Castell's sign

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Castell's sign[1] is a medical sign assessed to evaluate splenomegaly and typically part of an abdominal examination. It is an alternative physical examination maneuver to percussion over Traube's space.

Castell's Point

Splenomegaly, although associated with numerous diseases, remains one of the more elusive physical exam findings in the abdomen. Conditions such as infectious mononucleosis, thalassemia, and cirrhotic liver disease may all involve splenomegaly and as a result, the search for a reliable sign associated with this condition has been sought for generations. Currently, several such signs of splenomegaly exist, all of whose utility has been debated in medical literature. The presence or absence of splenomegaly, however, can be reliably appreciated on physical exam using Castell’s sign in conjunction with other clinical information, increasing the positive predictive value of the test. When used in a decision-making rubric, Castell’s sign becomes a valuable part of deciding whether to pursue further imaging.


Castell’s method involves first placing the patient in the supine position. With the patient in full inspiration and then full expiration, percuss the area of the lowest intercostal space (eighth or ninth) in the left anterior axillary line. If the note changes from resonant on full expiration to dull on full inspiration, the sign is regarded as positive. The resonant note heard upon full expiration is likely to be due to the air-filled stomach or splenic flexure of the colon. When the patient inspires, the spleen moves inferiorly along the posterolateral abdominal wall. If the spleen is enlarged enough that the inferior pole reaches the eighth or ninth intercostal space, a dull percussion note will be appreciated, indicating splenomegaly.

Some limitations, however, were also reported by Castell in his original paper. First the presence of gross splenomegaly or profuse fluid in the stomach or colon may lead to the absence of a resonant percussion note on full expiration. Also, later articles have criticized the maneuver’s reliability as befalling to more obese individuals and the amount of time the patient is post-prandial.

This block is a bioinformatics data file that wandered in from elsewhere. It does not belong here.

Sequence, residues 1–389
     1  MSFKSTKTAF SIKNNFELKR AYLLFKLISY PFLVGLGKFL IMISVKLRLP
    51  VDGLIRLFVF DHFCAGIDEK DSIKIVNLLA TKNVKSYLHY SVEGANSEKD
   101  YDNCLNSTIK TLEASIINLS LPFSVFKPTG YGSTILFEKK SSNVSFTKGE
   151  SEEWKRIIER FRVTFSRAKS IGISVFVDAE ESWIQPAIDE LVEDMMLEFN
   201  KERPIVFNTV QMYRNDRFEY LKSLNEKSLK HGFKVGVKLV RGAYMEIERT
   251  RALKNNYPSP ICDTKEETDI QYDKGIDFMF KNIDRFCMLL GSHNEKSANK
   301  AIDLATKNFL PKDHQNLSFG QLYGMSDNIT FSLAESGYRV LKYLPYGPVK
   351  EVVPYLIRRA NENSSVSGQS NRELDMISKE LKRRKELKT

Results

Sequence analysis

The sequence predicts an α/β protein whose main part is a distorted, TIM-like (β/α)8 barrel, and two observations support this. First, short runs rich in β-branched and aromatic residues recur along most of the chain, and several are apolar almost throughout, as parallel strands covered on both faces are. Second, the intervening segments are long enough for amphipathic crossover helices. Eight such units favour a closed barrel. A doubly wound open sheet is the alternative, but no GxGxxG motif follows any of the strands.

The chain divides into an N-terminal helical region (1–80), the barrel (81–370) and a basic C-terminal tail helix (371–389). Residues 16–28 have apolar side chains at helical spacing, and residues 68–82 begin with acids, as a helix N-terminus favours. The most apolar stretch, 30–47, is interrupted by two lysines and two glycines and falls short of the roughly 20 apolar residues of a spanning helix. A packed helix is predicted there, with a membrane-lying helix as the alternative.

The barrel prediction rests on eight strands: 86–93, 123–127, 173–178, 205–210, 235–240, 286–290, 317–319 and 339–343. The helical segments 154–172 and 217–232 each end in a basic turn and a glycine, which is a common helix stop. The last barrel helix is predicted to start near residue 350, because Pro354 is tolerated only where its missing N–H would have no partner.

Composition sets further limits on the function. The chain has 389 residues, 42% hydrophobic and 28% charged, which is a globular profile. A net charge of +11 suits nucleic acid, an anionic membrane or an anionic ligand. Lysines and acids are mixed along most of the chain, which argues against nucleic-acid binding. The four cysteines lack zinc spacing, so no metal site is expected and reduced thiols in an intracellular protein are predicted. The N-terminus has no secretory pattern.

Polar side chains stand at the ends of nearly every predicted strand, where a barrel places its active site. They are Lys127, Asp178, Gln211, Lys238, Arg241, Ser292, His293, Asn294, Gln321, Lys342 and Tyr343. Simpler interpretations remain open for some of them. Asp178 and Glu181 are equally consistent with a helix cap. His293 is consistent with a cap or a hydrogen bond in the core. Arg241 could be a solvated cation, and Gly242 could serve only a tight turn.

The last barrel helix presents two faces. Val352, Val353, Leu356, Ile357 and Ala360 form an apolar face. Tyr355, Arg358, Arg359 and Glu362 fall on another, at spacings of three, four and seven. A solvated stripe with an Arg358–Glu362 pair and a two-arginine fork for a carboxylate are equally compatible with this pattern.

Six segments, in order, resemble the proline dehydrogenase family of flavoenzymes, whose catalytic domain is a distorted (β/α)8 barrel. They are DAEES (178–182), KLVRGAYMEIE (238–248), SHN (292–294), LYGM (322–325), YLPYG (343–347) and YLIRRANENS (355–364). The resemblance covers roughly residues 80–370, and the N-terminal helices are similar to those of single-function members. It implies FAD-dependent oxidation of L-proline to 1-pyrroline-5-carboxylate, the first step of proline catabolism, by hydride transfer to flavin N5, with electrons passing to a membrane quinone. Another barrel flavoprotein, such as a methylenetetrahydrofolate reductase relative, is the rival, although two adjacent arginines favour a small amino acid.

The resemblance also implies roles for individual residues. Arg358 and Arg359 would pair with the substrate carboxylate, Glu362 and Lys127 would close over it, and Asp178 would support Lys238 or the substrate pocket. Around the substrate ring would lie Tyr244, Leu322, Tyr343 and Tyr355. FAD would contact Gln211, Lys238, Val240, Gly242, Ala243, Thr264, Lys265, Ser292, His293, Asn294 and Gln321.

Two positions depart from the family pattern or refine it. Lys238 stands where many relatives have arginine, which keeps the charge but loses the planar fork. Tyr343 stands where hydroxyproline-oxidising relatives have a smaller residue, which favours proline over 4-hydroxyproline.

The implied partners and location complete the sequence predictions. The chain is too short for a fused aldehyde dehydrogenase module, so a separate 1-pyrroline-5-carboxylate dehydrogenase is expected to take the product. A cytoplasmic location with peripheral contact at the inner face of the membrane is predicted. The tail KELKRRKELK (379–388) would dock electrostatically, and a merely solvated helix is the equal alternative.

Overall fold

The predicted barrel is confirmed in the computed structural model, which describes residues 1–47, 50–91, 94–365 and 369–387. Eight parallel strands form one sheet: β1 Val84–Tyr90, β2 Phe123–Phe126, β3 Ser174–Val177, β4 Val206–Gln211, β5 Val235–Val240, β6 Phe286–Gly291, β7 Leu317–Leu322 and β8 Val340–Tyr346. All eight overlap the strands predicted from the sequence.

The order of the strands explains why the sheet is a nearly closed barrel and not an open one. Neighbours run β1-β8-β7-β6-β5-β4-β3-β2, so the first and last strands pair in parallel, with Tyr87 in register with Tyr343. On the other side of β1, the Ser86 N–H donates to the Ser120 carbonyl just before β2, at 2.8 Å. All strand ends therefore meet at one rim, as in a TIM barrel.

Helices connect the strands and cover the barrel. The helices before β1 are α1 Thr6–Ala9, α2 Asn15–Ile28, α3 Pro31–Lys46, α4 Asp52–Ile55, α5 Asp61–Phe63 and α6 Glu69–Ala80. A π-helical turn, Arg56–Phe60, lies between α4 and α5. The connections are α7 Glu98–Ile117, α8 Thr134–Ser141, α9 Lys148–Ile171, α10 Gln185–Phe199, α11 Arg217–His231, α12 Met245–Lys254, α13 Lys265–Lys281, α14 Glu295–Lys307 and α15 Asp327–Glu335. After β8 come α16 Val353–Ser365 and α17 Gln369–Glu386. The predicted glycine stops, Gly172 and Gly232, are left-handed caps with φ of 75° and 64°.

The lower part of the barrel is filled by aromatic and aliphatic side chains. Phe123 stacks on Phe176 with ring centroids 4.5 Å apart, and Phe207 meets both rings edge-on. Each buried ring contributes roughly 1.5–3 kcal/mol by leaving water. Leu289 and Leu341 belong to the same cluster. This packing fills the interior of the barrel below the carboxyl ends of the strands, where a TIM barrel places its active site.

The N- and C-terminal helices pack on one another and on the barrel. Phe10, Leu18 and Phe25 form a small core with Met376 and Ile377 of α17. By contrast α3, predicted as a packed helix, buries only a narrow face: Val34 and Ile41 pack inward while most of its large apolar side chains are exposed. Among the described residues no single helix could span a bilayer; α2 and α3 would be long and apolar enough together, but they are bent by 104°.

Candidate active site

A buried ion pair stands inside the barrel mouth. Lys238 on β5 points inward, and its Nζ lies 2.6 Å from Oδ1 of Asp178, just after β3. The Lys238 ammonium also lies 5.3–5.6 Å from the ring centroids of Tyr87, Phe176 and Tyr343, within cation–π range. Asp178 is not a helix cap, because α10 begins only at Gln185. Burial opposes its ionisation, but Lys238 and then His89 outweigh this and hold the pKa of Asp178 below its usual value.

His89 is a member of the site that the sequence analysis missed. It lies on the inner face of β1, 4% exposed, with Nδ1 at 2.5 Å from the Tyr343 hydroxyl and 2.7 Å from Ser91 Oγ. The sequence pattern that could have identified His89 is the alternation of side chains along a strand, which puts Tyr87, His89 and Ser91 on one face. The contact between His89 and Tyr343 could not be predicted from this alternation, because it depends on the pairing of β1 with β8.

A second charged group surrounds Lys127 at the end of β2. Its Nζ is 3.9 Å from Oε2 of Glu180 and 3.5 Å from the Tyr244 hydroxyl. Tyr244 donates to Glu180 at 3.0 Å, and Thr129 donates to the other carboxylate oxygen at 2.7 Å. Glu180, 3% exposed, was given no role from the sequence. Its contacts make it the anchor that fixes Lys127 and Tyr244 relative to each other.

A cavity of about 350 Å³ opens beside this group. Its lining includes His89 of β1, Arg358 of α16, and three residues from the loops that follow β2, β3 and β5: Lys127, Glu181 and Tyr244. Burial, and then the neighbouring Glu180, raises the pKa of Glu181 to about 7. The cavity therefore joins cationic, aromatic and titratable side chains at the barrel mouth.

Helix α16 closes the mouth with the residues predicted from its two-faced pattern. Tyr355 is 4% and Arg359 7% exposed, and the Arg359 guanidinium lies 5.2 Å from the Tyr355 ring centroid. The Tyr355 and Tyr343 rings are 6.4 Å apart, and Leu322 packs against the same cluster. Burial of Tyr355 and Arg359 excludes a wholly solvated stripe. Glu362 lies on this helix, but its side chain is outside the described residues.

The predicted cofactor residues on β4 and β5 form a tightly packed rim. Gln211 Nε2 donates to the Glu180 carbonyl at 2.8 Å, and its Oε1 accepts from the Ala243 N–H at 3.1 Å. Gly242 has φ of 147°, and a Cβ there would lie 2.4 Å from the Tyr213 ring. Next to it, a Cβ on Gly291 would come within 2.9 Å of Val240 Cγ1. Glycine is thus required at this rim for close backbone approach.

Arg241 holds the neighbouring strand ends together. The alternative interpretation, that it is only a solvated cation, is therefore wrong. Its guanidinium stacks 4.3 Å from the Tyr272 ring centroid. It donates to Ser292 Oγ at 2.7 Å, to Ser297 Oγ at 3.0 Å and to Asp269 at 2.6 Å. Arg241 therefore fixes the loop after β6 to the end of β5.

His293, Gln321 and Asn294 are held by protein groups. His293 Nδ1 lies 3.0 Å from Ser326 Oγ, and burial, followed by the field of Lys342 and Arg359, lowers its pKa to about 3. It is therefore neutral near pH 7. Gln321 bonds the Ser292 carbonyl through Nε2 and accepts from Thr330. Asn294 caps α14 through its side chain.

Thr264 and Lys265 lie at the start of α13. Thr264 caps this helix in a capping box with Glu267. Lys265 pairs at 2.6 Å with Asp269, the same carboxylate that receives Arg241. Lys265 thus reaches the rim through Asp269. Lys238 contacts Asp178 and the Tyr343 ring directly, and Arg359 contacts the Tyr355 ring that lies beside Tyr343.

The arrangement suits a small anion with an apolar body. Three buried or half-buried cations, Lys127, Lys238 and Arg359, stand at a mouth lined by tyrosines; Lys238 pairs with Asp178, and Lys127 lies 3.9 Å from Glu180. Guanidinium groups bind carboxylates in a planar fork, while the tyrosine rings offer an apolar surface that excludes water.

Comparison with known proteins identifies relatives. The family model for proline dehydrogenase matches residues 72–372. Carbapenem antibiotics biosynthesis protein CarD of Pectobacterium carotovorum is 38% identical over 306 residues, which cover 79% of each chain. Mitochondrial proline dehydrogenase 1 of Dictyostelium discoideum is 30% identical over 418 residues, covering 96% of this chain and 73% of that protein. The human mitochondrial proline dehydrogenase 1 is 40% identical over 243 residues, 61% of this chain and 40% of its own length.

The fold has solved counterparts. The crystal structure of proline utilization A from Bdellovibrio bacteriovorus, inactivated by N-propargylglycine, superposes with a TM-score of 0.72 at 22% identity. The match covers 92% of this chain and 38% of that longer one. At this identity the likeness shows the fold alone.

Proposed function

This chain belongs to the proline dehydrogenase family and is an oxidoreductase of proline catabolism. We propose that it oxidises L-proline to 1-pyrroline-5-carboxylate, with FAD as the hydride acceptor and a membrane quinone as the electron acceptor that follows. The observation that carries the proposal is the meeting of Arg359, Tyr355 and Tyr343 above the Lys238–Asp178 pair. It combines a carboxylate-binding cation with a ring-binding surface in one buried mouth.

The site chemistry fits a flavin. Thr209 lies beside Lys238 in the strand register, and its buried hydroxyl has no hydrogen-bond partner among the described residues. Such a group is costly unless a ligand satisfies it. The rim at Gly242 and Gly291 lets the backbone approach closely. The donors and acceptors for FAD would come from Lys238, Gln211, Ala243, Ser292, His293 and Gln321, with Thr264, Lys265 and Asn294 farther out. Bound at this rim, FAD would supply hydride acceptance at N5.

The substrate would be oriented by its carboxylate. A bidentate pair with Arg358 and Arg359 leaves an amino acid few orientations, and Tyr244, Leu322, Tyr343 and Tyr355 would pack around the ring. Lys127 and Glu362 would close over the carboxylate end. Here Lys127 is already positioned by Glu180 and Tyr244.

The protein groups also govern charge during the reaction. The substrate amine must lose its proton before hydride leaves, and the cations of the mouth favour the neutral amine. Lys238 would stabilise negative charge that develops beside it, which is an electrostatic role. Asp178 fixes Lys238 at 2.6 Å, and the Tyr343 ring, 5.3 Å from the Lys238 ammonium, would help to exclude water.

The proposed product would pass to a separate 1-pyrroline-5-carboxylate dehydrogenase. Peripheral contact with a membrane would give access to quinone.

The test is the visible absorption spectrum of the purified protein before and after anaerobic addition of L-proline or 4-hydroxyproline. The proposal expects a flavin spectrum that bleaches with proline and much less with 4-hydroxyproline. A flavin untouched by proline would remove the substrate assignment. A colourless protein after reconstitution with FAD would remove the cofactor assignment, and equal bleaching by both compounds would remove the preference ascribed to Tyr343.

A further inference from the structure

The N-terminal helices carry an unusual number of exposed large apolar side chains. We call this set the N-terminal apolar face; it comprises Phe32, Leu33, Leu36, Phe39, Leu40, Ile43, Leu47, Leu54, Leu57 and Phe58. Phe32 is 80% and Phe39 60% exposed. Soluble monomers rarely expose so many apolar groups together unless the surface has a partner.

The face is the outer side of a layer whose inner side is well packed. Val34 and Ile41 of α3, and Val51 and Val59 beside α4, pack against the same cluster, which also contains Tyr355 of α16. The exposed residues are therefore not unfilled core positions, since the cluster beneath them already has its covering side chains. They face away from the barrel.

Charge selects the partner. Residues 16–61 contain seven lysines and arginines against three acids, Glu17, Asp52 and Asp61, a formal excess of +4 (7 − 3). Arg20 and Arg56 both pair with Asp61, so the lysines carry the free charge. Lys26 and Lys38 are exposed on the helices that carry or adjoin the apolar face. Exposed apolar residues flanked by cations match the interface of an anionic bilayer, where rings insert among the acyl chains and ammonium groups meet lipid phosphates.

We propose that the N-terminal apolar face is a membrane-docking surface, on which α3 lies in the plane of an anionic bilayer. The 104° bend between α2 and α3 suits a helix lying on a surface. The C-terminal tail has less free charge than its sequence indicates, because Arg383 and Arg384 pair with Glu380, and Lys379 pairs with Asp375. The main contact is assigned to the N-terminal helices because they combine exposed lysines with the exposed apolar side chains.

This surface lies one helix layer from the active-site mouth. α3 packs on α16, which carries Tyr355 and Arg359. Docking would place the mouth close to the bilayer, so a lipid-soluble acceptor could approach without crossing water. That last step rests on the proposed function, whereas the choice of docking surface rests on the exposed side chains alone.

The 1993 systematic review by the Rational Clinical Examination found that Castell’s sign was the most sensitive physical examination maneuver for detecting splenomegaly when comparing palpation, Nixon’s sign (another percussion sign), and Traube's space percussion:[2]

In asymptomatic patients where there is a very low clinical suspicion for splenomegaly, physical examination alone is unlikely to rule-in splenomegaly due to the inadequate sensitivity of the examination. Similar to many other findings in medicine, Castell’s sign must be combined with clinical findings to rule in splenomegaly. To achieve a positive predictive value over 90%, the pretest probability must be 70%.[3] Grover et al., recommends a greater than 10% preexamination clinical suspicion of splenic enlargement to effectively rule in the diagnosis of splenomegaly with physical exam. However, a 10% pretest probabilibity only yields a positive predictive value of 35%.[4]

To rule out an enlarged spleen, a pretest probability of 30% or less will yield a negative predictive value over 90% (calculation)

Given the paucity of physical exam findings to evaluate possible splenomegaly, Castell’s sign is the most sensitive, and is thus a good tool to teach in an advanced-type physical diagnosis course. Castell’s has been shown to be superior in sensitivity to other spleen percussion signs as well as palpation, which is not likely useful due to the extreme enlargement necessary to feel the spleen below the costal margin. Castell’s sign is thus, in the appropriate clinical scenario, an important part of the abdominal physical exam.[5]


Donald O. Castell first described his sign in the 1967 paper, “The Spleen Percussion Sign” published in Annals of Internal Medicine.[1] Castell, a George Washington Medical School graduate, is also a Navy-trained gastroenterologist. While stationed at the Great Lakes naval base in northern Illinois, Castell studied 20 male patients, 10 of whom had a positive percussion [Castell’s] sign and 10 patient controls with negative percussion signs. The spleen of each patient was then quantitatively measured using chromium-labeled erythrocytes and radioisotope photoscan of the spleen. Castell showed those patients in the control group had a mean spleen size of 75 cm2 with a range of 57 cm2 to 75 cm2, while those who had a positive percussion sign had a mean spleen size of 93 cm2 with a range of 77 cm2 to 120 cm2. Castell concluded that his technique of spleen percussion was thus useful in identifying “slight to moderate degrees of splenic enlargement” and, as a result, constituted a “valuable diagnostic technique.”


  1. 1.0 1.1 Castell, DO (December 1967). "The spleen percussion sign. A useful diagnostic technique". Annals of internal medicine. 67 (6): 1265–7. doi:10.7326/0003-4819-67-6-1265. PMID 6061941.<templatestyles src="Module:Citation/CS1/styles.css"></templatestyles>
  2. Grover SA, Barkun AN, Sackett DL (1993). "The rational clinical examination. Does this patient have splenomegaly?". JAMA. 270 (18): 2218–21. doi:10.1001/jama.270.18.2218. PMID 8411607.CS1 maint: multiple names: authors list (link)<templatestyles src="Module:Citation/CS1/styles.css"></templatestyles> Ovid full text
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  5. Barkun, AN; Camus, M; Meagher, T; Green, L; Coupal, L; De Stempel, J; Grover, SA (November 1989). "Splenic enlargement and Traube's space: how useful is percussion?". The American Journal of Medicine. 87 (5): 562–6. doi:10.1016/S0002-9343(89)80615-1. PMID 2683766.<templatestyles src="Module:Citation/CS1/styles.css"></templatestyles>